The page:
Mr Jd v Mr Ru


[2012] NZLCRO 27

LCRO 55/2011

CONCERNING an application for review pursuant to section193 of the Lawyers and Conveyancers Act 2006 a determination of Auckland Standards Committee 5

Mr Jd
Mr Ru

Application for review of Standards Committee determination not to take further action against practitioner — complainant was father of victim of abuse - practitioner (who was representing accused) confronted complainant in the foyer of the court alleging complainant was intimidating accused — complaint of unprofessional and aggressive behaviour, and vilification and denigration complainant's character — whether actions constituted unsatisfactory conduct under Lawyers and Conveyancers Act (Lawyers: Conduct and Client Care) Rules 2008 or Lawyers and Conveyancers Act 2006 — whether the Legal Complaints Review Officer could interfere with exercise of discretion by Standards Committee not to take further action — whether there was jurisdiction to consider complaint of vilification and denigration of character.

The issues were: whether, by confronting JD, RU's actions constituted unsatisfactory conduct and breached the provisions of the Lawyers and Conveyancers Act (Lawyers: Conduct and Client Care) Rules 2008 (“CCC Rules “) or Lawyers and Conveyancers Act 2006 (“LCA”); if so, whether the LCRO should interfere with the exercise of the Standard Committee's discretion not to take further action; and whether complaint of vilification and denigration of character of complainant in the court could be decided by the Standards Committee or LCRO.

Held: It was not part of a lawyer's brief to protect his client from physical harm. RU could have taken steps to ensure that his client was not subjected to intimidation without confronting JD. Although some contact may have been unavoidable in the circumstances, RU did not have a duty to protect his client from JD. It was inappropriate for him to confront JD and the contact breached r12 CCC Rules (lawyer when acting in professional capacity to conduct dealings with others with integrity, respect, and courtesy).

In addition, any form of contact with the father of the victim was unprofessional and constituted a breach of r10 CCC Rules (lawyer to promote and maintain proper standards of professionalism in the lawyer's dealings) and s12(b)(ii) LCA (unprofessional conduct by lawyer). RU's conduct constituted unsatisfactory conduct in terms of s12(b) LCA and s12(c) LCA (conduct in contravention of LCA, or of any regulations or practice rules).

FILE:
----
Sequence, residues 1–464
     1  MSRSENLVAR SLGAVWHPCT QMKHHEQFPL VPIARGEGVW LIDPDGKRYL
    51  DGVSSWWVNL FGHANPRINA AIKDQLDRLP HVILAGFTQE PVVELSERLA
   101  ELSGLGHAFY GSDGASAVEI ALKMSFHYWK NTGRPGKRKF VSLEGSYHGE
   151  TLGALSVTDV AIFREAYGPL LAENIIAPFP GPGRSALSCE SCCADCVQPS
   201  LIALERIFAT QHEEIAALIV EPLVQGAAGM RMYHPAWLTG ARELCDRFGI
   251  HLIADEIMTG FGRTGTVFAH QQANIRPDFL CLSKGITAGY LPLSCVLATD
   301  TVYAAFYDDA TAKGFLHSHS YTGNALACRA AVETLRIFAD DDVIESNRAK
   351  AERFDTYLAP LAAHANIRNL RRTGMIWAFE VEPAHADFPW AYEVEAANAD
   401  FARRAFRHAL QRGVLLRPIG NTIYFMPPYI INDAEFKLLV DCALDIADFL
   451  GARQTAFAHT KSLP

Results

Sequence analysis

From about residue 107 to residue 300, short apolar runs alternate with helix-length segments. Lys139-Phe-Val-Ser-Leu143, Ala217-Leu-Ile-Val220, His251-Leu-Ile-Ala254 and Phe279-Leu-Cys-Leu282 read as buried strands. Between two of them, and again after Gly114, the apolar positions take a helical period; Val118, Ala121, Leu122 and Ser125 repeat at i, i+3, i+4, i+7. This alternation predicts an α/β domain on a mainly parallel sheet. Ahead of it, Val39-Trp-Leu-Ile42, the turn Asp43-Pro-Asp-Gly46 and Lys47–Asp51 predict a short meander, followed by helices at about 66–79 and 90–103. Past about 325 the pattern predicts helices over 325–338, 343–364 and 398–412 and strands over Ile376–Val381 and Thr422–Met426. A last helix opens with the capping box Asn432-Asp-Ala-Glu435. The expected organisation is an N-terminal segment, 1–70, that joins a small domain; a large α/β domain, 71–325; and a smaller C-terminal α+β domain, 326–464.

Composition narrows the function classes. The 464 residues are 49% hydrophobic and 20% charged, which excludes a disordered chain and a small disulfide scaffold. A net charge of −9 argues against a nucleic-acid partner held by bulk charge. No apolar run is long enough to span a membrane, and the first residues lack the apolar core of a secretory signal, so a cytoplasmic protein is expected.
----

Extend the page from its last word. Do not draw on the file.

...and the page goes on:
The exercise of a discretion by the Standards Committee should not be lightly interfered with, unless there was good reason to do so ( NZLS v ZJ). In this case, interference was justified as the LCRO had been able to make findings of fact that the Standards Committee was unable to make. These findings led to the conclusion that there had been breaches of the LCA and the CCC Rules, inevitably leading to a finding of unsatisfactory conduct on the part of RU.

The conduct of the court proceedings were within the control of the presiding judge. If the judge had been concerned by the comments he would have called for a response. JD may have been offended by them, but it was not the role of the Standards Committee or the LCRO to determine the validity or otherwise of the comments made to the court.

The finding of unsatisfactory conduct related only to the incident in the court foyer.

Determination of the Standards Committee reversed and RU censured. Review application partially successful. Costs order against RU.


Mr JD is the father of a child victim of an indecent act by an adult. Mr RU acted for the accused.


The incidents out of which Mr JD's complaints arise took place at the [Auckland] District Court when the accused appeared to answer the charges laid against him.


Mr JD complains that Mr RU's conduct on the day breached a number of the Lawyers and Conveyancers Act (Lawyers: Conduct and Client Care) Rules 2008. He lists these in his complaint to the Complaints Service of the New Zealand Law Society as follows:

• Chapter 10, s 10 (obligation to promote and maintain proper standards of professionalism in all dealings)

• Chapter 12, s 12 (duty to conduct dealings with third parties with integrity, respect and courtesy)

• Chapter 13, s 13 (overriding duty as an officer of the court to act and behave in a respectful and dignified manner of the court concerned)

• Chapter 13 s 13.2 (obligation to not act in a way that undermines the processes of the court, or the dignity of the judiciary)

• Chapter 13, s 13.2.1 (obligation to treat others involved in the court process with respect)

• Chapter 13.8 (obligation not to attack a person's reputation without good cause in court or in documents filed in court proceedings)